rg0now has asked for the wisdom of the Perl Monks concerning the following question:

Dear Monks!

I have largish data structures, organized into trees, and I have to perform rather complex transformations on this data. When I first encounterd with attribute grammars I immediately fell in love with the concept.

So I installed luqui's Language::AttributeGrammar, wrote a little tree data representation:

#!/usr/bin/perl use strict; use warnings; use Language::AttributeGrammar; package Leaf; sub new{ return bless { value => $_[1] }, 'Leaf'; } package Branch; sub new{ return bless { value => $_[1], _list => undef }, 'Branch'; } sub add_child{ my $self = shift; push @{ $self->{_list} }, @_; return $self; } sub list { if (@_) { bless { head => $_[0], tail => list(@_[1..$#_]) }, 'Cons'; } else { bless {}, 'Nil'; } } sub children{ return list( @{ $_[0]->{_list} }); }
and a simple attribute grammar to count the number of nodes in a tree
package main; my $grammar = new Language::AttributeGrammar <<'EOG'; Branch: $/.len = { 1 + $<children>.len } Leaf: $/.len = { 1 } Cons: $/.len = { $<head>.len + $<tail>.len } Nil: $/.len = { 0 } EOG
and an example
my $tree = Branch->new(3)->add_child( Branch->new(1.1)->add_child( Leaf->new(1), Leaf->new(1.2) ), Branch->new(2.0)->add_child( Leaf->new(2.1), # Leaf->new(2.15), Leaf->new(2.2), ) ); my $result = $grammar->apply($tree, 'len'); print "$result\n";
Everything works like charm as long as the line that is commented out remains commented out. As soon as I add the node back to the tree, I get
Deep recursion on subroutine "Language::AttributeGrammar::Thunk::get" +at (eval 29) line 5.
and the script runs into a seemingly infinite loop. Does anyone have a clue why this happens? I would greatly appreciate any ideas.

Update: sorry I mixed up: it works with 3 leafs, but stops working as soon as I comment out the offending line...

p.s.: if luqui reads this: there is a typo in the SYNOPSIS of Language::AttributeGrammar:

# find the global minimum and propagate it back down the tree ROOT: $/.gmin = { $/.min } Branch: $<left>.gmin = { $/.gmin } | $<right>.gmin) = { $/.gmin } ^ | this is superfluous

Replies are listed 'Best First'.
Re: Trees and Language::AttributeGrammar
by nothingmuch (Priest) on Mar 06, 2006 at 17:56 UTC
    First of all, the fix is this:
    Cons: $/.len = { $/; $<head>.len + $<tail>.len }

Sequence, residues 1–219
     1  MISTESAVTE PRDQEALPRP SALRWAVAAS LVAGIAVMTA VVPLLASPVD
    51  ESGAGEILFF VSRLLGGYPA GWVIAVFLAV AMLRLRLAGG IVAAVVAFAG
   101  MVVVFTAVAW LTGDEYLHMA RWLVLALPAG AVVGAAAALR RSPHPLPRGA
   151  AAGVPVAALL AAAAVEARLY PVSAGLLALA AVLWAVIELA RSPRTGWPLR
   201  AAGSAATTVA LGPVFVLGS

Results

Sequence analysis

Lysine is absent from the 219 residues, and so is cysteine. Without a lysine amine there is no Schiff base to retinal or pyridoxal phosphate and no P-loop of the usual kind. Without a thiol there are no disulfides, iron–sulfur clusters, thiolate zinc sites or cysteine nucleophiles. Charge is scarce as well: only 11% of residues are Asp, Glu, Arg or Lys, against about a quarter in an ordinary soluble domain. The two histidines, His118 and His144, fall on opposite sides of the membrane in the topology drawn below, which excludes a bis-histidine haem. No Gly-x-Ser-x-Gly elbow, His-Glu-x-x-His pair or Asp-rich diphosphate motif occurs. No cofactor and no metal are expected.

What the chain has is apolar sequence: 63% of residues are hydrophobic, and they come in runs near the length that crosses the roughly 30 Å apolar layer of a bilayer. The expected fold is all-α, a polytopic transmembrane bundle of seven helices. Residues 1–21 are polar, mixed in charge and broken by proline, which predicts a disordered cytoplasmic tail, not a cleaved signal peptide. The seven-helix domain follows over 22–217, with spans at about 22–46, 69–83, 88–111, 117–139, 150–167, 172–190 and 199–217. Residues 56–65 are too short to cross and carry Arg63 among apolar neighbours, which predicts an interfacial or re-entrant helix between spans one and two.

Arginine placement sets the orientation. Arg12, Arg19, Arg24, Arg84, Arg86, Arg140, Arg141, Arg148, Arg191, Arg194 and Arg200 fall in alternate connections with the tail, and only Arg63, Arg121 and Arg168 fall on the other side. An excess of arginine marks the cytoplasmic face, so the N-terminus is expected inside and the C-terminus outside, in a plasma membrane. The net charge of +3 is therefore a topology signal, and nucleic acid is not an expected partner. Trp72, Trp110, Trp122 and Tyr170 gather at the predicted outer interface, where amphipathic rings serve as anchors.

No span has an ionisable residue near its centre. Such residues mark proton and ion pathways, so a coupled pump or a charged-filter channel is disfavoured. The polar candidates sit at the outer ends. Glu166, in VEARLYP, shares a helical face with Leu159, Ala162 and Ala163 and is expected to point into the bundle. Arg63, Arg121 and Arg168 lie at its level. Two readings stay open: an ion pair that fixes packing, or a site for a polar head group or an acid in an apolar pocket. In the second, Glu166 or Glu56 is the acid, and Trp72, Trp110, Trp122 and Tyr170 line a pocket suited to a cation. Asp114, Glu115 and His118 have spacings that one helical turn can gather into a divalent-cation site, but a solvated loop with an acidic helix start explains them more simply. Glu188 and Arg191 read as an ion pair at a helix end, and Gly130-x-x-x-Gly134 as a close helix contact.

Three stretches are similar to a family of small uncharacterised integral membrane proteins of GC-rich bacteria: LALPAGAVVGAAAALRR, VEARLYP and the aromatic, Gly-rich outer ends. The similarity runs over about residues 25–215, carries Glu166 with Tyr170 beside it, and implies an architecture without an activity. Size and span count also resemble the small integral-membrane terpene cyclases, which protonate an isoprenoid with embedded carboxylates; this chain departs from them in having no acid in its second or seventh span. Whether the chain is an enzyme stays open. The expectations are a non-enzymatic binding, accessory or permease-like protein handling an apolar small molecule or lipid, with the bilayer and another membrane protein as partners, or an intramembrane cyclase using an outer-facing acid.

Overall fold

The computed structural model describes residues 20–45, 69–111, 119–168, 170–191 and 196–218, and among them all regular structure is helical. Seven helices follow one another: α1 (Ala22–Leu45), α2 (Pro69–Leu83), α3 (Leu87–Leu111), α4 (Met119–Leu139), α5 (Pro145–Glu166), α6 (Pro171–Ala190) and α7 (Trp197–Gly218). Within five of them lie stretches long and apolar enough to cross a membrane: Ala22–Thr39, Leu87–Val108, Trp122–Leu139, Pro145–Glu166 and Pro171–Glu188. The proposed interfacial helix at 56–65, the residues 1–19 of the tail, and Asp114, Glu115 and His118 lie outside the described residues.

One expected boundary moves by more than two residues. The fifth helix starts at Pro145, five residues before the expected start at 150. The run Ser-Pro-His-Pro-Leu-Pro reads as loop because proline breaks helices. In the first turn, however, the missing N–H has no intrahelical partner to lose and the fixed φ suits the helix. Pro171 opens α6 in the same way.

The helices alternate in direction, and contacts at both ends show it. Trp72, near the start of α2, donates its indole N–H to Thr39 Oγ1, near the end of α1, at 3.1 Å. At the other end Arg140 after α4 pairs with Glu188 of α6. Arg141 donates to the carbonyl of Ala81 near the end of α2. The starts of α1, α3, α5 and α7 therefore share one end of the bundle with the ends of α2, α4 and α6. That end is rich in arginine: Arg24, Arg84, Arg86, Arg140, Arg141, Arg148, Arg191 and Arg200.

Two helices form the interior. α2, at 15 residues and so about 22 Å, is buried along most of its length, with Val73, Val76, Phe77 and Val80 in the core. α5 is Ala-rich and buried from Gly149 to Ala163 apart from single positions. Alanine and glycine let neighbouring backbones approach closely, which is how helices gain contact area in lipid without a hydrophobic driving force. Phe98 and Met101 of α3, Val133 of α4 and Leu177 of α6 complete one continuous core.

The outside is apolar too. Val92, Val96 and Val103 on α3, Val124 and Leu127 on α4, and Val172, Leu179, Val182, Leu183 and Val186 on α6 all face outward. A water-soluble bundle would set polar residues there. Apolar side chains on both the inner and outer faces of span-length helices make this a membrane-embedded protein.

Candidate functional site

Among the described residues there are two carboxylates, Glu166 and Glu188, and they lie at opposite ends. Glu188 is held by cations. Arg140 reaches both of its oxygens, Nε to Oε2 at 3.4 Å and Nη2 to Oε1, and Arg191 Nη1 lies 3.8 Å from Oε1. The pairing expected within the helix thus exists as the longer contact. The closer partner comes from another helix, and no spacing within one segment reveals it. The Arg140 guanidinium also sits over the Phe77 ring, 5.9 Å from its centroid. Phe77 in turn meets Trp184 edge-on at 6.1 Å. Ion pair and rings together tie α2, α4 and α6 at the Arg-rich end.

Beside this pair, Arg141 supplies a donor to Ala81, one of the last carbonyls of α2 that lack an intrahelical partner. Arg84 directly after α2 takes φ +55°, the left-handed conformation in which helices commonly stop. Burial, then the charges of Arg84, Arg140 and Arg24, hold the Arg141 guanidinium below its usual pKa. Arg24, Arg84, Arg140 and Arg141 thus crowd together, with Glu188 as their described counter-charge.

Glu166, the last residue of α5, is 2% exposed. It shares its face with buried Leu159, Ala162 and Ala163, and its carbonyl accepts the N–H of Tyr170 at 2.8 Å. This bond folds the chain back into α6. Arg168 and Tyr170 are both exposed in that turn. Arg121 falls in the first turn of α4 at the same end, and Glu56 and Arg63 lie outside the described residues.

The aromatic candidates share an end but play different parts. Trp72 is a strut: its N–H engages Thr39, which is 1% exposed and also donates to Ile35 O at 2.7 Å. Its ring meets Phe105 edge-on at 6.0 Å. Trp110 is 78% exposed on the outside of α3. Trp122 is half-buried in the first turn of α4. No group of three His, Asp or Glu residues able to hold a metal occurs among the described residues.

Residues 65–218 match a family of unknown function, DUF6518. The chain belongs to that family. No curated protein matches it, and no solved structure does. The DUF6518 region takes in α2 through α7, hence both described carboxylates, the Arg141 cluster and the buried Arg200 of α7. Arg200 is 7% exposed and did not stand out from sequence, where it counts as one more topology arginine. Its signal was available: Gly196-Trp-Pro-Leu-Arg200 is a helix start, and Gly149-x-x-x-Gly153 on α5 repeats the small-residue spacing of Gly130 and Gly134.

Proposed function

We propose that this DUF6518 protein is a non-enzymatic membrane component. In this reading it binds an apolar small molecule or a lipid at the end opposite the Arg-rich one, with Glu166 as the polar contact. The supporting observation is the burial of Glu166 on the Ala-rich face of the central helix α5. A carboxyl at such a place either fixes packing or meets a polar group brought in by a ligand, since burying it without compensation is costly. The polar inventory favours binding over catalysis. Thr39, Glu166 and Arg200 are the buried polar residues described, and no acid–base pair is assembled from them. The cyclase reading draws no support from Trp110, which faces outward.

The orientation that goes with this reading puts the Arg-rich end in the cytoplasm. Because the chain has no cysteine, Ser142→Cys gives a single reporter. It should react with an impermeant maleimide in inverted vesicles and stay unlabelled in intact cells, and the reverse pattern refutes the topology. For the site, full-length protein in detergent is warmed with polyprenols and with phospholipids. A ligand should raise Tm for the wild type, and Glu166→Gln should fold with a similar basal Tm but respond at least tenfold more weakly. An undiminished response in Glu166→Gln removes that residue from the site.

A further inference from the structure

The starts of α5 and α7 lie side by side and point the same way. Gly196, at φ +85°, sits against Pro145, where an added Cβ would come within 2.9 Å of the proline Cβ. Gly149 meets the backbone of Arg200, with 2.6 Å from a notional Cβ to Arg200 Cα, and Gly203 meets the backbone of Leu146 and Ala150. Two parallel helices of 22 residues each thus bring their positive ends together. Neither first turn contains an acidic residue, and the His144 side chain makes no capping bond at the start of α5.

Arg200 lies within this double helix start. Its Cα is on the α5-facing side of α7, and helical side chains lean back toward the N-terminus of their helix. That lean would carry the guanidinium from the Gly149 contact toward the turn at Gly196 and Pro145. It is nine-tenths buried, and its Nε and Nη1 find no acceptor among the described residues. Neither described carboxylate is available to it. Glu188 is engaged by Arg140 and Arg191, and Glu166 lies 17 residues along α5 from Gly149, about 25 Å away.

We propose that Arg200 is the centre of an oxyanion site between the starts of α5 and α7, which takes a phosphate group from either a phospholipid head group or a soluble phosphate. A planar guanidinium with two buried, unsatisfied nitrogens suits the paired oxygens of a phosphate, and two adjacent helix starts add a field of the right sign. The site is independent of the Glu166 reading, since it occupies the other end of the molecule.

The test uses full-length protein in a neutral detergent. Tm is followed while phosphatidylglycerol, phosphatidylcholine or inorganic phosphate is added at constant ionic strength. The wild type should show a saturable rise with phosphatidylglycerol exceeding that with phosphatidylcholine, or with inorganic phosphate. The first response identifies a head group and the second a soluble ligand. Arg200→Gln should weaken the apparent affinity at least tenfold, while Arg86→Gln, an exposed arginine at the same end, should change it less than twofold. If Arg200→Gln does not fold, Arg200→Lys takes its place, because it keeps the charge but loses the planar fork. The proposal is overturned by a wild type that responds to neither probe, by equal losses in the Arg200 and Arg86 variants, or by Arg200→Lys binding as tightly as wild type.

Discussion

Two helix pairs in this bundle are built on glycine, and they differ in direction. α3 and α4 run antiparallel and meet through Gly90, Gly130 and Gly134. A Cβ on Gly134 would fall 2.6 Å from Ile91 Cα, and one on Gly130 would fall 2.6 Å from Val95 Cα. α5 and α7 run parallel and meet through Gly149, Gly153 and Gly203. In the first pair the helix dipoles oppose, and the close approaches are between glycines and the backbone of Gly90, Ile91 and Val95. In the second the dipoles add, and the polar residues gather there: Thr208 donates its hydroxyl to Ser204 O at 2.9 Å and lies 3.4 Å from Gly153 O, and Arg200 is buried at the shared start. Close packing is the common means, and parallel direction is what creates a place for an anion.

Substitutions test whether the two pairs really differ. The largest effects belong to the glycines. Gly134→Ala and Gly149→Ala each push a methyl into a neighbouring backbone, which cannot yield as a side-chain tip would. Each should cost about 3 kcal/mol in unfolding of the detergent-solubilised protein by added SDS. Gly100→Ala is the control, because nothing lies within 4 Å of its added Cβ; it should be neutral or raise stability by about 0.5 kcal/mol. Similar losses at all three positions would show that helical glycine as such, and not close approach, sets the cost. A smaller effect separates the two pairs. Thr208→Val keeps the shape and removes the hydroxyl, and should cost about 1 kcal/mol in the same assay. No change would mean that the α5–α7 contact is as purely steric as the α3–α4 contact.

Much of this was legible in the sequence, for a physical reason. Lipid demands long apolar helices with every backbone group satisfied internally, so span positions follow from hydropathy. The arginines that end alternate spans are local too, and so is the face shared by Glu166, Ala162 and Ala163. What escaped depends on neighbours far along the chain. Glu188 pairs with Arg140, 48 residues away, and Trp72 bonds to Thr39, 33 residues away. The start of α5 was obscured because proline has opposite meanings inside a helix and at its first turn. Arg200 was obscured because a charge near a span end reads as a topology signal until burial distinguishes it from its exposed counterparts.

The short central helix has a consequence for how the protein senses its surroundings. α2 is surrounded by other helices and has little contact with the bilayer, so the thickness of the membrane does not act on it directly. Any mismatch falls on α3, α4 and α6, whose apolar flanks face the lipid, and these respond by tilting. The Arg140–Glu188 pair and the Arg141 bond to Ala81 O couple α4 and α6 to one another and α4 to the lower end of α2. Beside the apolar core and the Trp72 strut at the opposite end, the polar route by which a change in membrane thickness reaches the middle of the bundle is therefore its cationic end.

As you can see mentioning $/, the attribute's invocant fixes this.

    You're probably asking yourself why...

    use Data::Dumper; $Data::Dumper::Deparse = 1; warn Dumper($grammar->{engine}{cases}{Cons});
    Comparing the two versions shows us something interesting:
    $_AG_ATTR->get($_AG_SELF)->get('len')->set(sub { $_AG_SELF; $_AG_N1->get('len', 'grammar line 4') + $_AG_N2->get('len', 'gramm +ar line 4'); }
    $_AG_ATTR->get($_AG_SELF)->get('len')->set(sub { $_AG_N1->get('len', 'grammar line 4') + $_AG_N2->get('len', 'gramm +ar line 4'); }
    So, what is the void thingy doing in there, you are probably wondering? Aha!
    'visit' => [ sub { ... # snipped my($_AG_SELF, $_AG_ATTR) = @_; ... # snipped $_AG_ATTR->get($_AG_SELF)->get('len')->set(sub { $_AG_SELF;
    Basically, $_AG_SELF causes the value to remain non-garbage collected (since it's captured in the closure it's reference count stays up). Since luqui is using a lazy evaluation strategy to produce results, and this probably means that somewhere inside $_AG_ATTR or whatever there's a table of objects to their attr values, the moment that $_AG_SELF dies (and it will die, because you are creating Cons thingies on the fly inside 'children') it can no longer be referenced in a thunk, because it's StrVal cannot be reproduced. Anyway, long story short, the evaluation scheme is somehow landing on an edge case with two children in the Cons/Nil thing, and thus it's causing the value to be recalculated over and over and over and over again. I think.

    The more elegant fix is to cache your linked list, something like

    sub children{ return @{ $_[0]{_ll_cache} ||= [ list( @{ $_[0]->{_list} } ) ] }; }
    so that the values don't go away. Remember to invalidate _ll_cache whenever new children are added.


    zz zZ Z Z #!perl
      Thanks for the nice response. Let's say I understand it...:-)

      Something however tells me that both of your solutions take away something very important from the elegance of the code: in my opinion the efficiency lies in that we let the Cons stuff just emerge and go away on the fly.

      My qustion is: do you have any better idea to represent trees and attribute grammars to manipulate them than mine? Once I adopted this "functional" approach I really do not want to go back to the "imperative" world...


        Seriously though, post a bug on rt.cpan.org - luqui should know about this and fix it somehow...

        luqui also said he will add support for attributes over aggregate types (e.g. @<children>.foo) eventually, if he can find a nice way.

        zz zZ Z Z #!perl
Re: Trees and Language::AttributeGrammar
by aquarium (Curate) on Mar 06, 2006 at 13:11 UTC
    my wild guess is that 2.15 should be a child of 2.1 and not a child of 2.0
    the hardest line to type correctly is: stty erase ^H
      I am not entirely sure I understand what you are talking about. The values associated with the nodes are completely optional and arbitrary -- they could very well be strings or other objects or even left undef. The code just tries to count how many nodes the tree has, independently of the values associated with these nodes.